A motion picture film 32 is fed past the projector head 20 from an A picture reel 36 to a windup reel 34. Simultaneously and in synchronism therewith, a B picture film 32 is fed .past the head 20' from reel 34 to reel 36'. During predetermined portions of the A" and 3" pictures, matte films 38 and 38' are fed through the projector heads 16 and 16 from matte reels 40 and 40 to matte windup reels 42 and 42'. At the same time, and in coordination therewith, a title film 44 is fed through a title projector head 46, as best illustrated in FIG. 5. A lamp 48 and lens 50, cooperating with a focusing device 52, projects the title on the raw stock 30, as will now be described.
Referring to FIGS. I and 11, a drive mechanism 54 effects rotation of a mirror 56. This drive mechanism 54 is positioned outside the path of the rays from projectors 20 and 52, but rotates the mirror 56 into the path of such rays at a rate of one revolution per frame of picture and raw stock. The mirror 56 has a segmental wedge shape of approximately 10, as shown in FIG. 11, so as to interrupt the beam from the gate 58 of head 20 during approximately 0.1 percent of a frame exposure time. A reflecting surface is formed on both the upper and lower faces of mirror 56, with the upper surface serving to scan and reflect the title into the camera and the lower surface to reflect images from film "A" and the shadow matte roll 38 onto an optical viewing system 60 (FIG. 12), hereinafter to be described. A similar mirror 56' is rotated in the path of rays from the projector head 20.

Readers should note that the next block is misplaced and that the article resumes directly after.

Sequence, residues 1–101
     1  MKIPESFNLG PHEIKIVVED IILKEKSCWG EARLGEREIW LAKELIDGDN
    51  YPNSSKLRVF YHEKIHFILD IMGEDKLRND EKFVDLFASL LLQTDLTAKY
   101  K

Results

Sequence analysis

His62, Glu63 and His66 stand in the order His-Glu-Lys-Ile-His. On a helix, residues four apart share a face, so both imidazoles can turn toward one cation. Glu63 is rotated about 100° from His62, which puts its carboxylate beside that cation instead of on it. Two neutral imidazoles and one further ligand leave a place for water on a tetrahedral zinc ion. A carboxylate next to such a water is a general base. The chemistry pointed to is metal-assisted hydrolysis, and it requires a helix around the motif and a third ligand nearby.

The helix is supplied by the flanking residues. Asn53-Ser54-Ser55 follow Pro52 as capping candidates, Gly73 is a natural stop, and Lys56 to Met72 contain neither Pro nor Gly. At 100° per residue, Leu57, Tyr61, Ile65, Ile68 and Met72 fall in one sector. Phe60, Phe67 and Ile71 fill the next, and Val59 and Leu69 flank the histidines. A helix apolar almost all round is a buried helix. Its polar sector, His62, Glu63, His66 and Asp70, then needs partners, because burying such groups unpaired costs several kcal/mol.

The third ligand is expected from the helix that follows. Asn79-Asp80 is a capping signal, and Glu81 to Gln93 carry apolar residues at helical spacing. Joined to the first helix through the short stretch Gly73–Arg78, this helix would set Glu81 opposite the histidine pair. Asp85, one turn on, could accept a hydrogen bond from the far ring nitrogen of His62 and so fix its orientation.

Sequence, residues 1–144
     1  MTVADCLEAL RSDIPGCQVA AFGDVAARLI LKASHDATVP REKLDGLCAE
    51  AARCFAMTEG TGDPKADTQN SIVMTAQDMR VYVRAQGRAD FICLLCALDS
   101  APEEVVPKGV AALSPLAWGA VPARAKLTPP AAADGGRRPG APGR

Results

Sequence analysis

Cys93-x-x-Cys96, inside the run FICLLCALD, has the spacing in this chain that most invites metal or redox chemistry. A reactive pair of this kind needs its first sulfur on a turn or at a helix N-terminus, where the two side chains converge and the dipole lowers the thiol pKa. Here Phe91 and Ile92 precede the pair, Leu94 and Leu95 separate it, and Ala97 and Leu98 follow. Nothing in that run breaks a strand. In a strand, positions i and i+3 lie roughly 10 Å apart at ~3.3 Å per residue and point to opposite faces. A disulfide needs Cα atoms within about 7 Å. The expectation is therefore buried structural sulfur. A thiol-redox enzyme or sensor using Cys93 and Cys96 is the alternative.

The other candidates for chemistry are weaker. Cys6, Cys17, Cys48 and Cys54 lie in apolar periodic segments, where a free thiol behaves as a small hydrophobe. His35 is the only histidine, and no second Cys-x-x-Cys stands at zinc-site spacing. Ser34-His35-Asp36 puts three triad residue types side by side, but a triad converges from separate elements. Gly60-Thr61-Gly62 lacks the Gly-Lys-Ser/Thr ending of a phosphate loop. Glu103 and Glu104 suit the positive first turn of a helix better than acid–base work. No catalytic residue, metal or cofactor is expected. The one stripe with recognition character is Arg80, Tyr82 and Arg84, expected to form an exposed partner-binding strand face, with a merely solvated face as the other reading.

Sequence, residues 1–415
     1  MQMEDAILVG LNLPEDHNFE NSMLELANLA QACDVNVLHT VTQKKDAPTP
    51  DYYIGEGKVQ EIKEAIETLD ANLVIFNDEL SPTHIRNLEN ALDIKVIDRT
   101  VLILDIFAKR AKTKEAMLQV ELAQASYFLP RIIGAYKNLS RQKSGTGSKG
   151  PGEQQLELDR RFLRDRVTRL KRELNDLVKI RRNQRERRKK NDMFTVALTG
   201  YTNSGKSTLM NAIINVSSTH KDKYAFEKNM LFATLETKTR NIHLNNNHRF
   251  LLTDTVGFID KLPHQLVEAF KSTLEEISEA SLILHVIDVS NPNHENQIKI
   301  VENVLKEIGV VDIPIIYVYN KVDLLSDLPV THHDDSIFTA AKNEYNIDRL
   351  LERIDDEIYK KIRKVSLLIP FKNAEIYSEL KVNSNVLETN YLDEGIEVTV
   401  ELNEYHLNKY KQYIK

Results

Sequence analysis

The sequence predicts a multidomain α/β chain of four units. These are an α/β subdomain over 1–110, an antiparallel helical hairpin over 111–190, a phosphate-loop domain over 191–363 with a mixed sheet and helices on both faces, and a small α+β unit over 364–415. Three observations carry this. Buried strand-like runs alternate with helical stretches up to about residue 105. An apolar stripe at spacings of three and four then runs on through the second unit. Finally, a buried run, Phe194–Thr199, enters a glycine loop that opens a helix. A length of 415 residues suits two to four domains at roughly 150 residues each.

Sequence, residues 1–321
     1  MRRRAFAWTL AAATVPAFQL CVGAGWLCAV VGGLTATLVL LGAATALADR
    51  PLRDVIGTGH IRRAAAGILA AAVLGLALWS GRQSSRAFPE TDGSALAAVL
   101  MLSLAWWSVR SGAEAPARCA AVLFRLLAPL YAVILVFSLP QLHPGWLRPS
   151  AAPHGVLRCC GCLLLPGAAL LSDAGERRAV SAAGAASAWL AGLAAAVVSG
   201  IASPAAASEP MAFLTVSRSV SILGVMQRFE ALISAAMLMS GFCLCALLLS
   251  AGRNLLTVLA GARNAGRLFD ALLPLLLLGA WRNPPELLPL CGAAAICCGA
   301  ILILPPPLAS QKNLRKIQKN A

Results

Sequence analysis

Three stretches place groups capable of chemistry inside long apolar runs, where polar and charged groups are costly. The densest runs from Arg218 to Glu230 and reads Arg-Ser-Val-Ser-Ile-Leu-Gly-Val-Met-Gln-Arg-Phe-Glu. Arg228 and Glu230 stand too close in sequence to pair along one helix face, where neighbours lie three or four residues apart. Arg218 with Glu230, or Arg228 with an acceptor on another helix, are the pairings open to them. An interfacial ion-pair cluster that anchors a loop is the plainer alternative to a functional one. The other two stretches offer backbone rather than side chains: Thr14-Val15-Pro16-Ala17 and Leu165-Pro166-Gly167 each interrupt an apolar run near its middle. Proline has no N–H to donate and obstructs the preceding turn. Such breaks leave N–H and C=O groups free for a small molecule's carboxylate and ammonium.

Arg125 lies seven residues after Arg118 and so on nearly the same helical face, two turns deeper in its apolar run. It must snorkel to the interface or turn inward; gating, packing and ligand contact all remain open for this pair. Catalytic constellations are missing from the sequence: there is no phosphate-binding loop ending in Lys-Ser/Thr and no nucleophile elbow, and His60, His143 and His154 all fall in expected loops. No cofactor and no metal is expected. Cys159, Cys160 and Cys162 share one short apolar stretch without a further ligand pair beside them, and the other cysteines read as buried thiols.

Also suitably arranged on the panel supporting the various projector ,and camera-heads, is a cue roll reel 80, cue roll windup reel 82, and two sets of cueswitches 76 and 76'. Each set of cue switches includes a bank of five microswitches operated by markings or cutouts 77 on a cue roll 78, FIGS. 1 and 10, and arranged in five rows or tracks extending longitudinally of the cue roll. As indicated in FIG. 10, the markings on four of the rowsor tracksrcontrol light intensity and fade for the "A" and "B" picture rolls, while those on the fifth control the operation of the matte and title rolls. The cue roll 78 is of the same length as the picture rolls A" and B and is fed through the cue switches 76 and 76' at the same rate as the picture film. Themicroswitches 76 and 76' control the A" sources and 10', it being understood that there is one such filtering system for each of the upper and lower optical units of FIG. 1 and each light source 10 and 10'. As indicated in FIG. 2, four filterelements 12 may be employed, one functioning to cut off 10 percent of the light and the others percent, 40percent and 80 percent, respectively. Depending upon the combination of filters interposed in the path of light from the sources 10 or 10, any desired intensity may be obtained, ranging from 100 percent to 10 percent in multiples of 10. Thus as illustrated in FIG. 3, a light intensity of 100 percent, for example, may be provided for the first 565 frames of picture roll and raw stock. During frames 565-1 110, the intensity may be 50 percent, and from frames 11 10 to 1250, the intensity may be 70 percent, and 90 percent from frames 1250 to 1425, etc. The means for controlling the light intensity is illustrated in FIG. 4. Thus, electric power is supplied through the terminals 62 and 64, and one or more of the preselector switches 66 is manually operated to close circuits 68 leading to switches 70 and solenoid coils 72 to preselect the filter elements 12 to be used during a desired frame sequence. At the desired frame time, the switches 70 are closed by a common solenoid 74 operated by the cue roll 78 and microswitches 76 and 76'. Depending upon which of the circuits 68 have been closed by the preselector switches 66, the solenoids 72 move the filter elements 12 into the path of the light beam from sources 10 and 10.